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Speech in space and time: Contact, change and diffusion in medieval Norway



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Blaxter, Tam Tristram  ORCID logo


This project uses corpus linguistics and geostatistics to test the sociolinguistic typological theory put forward by Peter Trudgill on the history of Norwegian. The theory includes several effects of societal factors on language change. Most discussed is the proposal that ‘intensive’ language contact causes simplification of language grammar. In the Norwegian case, the claim is that simplificatory changes which affected all of the Continental North Germanic languages (Danish, Swedish, Norwegian) but not the Insular North Germanic Languages were the result of contact with Middle Low German through the Hanseatic League. This suggests that those simplificatory changes arose in the centres of contact with the Hanseatic League: cities with Hansa trading posts and kontors. The size of the dataset required would have made it impossible for previous scholars to test this prediction, but digital approaches render the problem tractable. I have designed a 3.5m word corpus containing nearly all extant Middle Norwegian, and developed statistical methods for examining the spread of language phenomena in time and space. The project is made up of a series of case studies of changes. Three examine simplifying phonological changes: the rise of svarabhakti (epenthetic) vowels, the change of /hv/ > /kv/ and the loss of the voiceless dental fricative. A further three look at simplifying morphological changes: the loss of verbal agreement, the loss of lexical genitives and the loss of verbal agreement. In each case study a large dataset from many documents is collected and used to map the progression of the change in space and time. The social background of document signatories is also used to map the progression of the change through different social groups. A variety of different patterns emerge for the different changes examined. Some changes spread by contagious diffusion, but many spread by hierarchical diffusion, jumping first between cities before spreading to the country at large. One common theme which runs through much of the findings is that dialect contact within the North Germanic language area seems to have played a major role: many of the different simplificatory changes may first have spread into Norwegian from Swedish or Danish. Although these findings do not exactly match the simple predictions originally proposed from the sociolinguistic typological theory, they are potentially consistent with a more nuanced account in which the major centres of contact and so simplifying change were in Sweden and Denmark rather than Norway.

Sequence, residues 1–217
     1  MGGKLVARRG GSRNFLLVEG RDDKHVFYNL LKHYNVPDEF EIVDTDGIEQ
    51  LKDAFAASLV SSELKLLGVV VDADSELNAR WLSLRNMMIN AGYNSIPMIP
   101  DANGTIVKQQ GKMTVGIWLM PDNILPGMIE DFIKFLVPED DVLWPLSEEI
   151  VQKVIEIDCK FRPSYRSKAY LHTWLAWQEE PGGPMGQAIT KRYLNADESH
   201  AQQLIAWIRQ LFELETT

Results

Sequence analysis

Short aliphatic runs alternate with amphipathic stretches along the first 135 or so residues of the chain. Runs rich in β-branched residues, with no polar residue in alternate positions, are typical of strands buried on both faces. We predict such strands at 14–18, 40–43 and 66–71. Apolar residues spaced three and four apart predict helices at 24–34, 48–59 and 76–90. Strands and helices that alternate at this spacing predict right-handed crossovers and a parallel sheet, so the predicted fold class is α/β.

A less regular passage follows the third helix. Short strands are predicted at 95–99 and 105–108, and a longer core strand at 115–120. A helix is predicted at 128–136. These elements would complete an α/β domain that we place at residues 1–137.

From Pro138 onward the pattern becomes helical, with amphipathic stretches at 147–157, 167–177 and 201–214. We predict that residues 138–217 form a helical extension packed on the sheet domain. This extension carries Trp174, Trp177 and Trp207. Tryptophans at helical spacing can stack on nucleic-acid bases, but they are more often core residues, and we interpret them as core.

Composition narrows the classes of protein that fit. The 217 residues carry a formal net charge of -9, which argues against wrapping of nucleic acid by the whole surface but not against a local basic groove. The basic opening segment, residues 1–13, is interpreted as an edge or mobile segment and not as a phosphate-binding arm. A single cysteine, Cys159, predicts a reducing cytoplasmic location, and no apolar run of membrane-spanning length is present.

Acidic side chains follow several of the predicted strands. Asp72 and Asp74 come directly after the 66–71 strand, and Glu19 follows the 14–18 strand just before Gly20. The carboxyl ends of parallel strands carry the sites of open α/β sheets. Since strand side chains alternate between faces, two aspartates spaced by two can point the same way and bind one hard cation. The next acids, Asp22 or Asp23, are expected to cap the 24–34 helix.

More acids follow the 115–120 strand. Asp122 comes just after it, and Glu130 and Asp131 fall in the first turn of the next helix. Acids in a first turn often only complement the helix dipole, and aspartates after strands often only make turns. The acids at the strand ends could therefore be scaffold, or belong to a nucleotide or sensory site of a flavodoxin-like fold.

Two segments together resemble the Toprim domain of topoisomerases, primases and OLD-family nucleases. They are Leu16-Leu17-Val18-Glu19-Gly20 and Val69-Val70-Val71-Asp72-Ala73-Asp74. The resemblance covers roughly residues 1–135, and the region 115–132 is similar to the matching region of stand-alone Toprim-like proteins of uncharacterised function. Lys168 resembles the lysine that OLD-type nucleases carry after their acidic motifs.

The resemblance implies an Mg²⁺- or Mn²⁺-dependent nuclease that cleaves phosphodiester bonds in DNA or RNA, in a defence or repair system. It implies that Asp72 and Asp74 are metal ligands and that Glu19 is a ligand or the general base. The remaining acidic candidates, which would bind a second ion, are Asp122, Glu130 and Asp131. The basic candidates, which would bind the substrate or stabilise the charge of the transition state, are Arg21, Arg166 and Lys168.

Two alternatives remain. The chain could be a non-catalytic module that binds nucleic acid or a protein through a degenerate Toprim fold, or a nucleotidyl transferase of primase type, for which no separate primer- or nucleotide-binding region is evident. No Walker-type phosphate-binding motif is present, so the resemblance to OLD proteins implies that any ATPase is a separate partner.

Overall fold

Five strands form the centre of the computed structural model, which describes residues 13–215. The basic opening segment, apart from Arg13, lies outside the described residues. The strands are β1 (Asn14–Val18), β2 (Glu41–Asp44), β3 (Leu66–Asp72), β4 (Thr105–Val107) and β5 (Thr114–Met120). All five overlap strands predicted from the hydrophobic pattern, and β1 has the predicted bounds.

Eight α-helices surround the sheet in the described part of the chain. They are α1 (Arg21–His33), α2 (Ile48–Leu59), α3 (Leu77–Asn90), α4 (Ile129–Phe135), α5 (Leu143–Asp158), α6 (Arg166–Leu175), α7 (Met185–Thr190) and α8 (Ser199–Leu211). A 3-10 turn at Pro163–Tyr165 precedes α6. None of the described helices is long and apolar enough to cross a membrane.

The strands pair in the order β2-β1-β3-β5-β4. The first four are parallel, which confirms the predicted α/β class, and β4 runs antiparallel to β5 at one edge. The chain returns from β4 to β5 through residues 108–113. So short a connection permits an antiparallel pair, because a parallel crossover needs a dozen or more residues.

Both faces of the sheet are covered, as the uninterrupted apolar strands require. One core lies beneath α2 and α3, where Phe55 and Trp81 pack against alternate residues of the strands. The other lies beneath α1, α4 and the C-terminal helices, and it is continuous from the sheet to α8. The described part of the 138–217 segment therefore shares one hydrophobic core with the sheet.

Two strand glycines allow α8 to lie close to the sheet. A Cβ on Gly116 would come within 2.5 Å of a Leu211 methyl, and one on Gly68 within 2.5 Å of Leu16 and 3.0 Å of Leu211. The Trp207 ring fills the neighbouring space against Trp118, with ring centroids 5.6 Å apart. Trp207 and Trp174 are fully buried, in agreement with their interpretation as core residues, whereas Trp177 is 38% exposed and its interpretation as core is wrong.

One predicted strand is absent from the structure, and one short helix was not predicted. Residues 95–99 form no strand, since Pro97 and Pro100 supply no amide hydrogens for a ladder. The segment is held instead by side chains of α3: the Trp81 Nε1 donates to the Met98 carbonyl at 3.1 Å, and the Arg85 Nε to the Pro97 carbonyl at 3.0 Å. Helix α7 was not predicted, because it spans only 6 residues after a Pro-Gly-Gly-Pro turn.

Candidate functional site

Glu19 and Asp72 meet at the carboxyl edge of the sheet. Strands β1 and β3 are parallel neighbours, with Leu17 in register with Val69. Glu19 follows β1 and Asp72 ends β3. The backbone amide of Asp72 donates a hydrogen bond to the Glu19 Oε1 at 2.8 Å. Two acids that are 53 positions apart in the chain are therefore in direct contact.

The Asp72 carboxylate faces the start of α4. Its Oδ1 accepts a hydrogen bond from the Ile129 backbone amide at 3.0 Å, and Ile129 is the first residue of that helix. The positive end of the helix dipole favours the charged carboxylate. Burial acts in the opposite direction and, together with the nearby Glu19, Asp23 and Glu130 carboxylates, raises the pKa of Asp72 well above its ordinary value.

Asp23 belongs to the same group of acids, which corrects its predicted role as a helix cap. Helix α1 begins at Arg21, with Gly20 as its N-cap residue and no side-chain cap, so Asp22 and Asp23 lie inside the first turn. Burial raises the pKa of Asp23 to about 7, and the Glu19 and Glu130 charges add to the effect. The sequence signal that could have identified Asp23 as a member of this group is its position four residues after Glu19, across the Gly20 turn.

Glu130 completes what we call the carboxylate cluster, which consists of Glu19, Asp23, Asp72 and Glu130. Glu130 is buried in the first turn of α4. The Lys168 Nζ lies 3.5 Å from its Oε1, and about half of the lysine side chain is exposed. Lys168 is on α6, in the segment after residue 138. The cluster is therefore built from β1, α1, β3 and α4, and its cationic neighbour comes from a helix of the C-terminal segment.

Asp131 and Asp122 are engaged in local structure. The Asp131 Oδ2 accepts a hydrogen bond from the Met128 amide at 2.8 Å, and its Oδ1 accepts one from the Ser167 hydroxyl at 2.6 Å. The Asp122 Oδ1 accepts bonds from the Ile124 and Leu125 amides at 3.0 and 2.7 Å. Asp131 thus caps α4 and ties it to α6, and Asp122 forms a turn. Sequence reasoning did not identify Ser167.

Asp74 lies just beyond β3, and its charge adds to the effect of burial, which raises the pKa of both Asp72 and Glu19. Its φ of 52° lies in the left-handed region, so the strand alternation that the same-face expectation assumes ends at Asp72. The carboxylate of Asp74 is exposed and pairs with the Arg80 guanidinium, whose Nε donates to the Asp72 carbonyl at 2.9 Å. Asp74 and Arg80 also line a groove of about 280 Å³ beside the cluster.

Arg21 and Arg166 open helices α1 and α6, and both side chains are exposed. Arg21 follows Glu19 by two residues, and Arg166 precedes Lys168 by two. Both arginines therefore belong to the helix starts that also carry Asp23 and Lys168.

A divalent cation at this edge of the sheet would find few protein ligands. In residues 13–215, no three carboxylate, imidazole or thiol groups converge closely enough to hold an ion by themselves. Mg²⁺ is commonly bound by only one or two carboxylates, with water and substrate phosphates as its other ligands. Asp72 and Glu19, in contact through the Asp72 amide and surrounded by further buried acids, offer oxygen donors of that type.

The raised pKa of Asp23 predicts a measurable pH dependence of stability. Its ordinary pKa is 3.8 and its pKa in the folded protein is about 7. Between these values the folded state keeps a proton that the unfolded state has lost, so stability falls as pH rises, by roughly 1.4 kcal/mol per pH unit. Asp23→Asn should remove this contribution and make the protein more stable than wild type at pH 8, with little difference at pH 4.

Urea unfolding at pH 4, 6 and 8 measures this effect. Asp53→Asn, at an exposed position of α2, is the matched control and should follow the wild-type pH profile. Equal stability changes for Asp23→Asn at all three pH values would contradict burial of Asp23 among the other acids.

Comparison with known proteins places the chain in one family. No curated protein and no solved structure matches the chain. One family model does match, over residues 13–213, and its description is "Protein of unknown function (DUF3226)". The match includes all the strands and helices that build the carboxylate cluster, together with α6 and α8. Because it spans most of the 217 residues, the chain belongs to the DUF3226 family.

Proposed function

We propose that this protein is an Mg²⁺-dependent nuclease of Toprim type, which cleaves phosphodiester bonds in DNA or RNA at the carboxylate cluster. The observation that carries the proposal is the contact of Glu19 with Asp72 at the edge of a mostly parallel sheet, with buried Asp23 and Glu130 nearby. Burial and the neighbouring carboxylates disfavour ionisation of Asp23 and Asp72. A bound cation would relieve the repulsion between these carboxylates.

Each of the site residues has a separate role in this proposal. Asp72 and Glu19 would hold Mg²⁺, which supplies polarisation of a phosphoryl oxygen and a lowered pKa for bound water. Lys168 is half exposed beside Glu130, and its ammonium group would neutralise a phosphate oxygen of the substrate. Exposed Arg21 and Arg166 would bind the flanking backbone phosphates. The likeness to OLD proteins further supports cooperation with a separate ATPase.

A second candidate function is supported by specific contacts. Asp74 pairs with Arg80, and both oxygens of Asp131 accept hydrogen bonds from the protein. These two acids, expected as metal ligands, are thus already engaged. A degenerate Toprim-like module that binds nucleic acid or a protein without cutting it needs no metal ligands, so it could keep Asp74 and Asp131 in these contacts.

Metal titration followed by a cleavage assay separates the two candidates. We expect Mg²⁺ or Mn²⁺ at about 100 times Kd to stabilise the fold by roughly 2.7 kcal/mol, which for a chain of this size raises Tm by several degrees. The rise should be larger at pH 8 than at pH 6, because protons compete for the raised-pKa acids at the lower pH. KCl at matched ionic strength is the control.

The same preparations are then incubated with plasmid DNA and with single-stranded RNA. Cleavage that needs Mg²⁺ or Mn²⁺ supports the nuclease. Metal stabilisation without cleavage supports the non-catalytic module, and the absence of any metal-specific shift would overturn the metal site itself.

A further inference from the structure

Willis, David


linguistics, sociolinguistics, historical linguistics, language typology, sociolinguistic typology, language change, diffusion, variationist linguistics, language variation and change, norwegian, north germanic, north west germanic, nordic, west nordic, continental nordic, old norse, norse, language, medieval norway, middle norwegian, old norwegian, linguistic complexity, simplificatory change, language contact, second language acquisition, sociology of language, language history, history of norwegian, dialectology, norwegian dialectology, historical dialectology


Doctor of Philosophy (PhD)

Awarding Institution

University of Cambridge
AHRC PhD studentship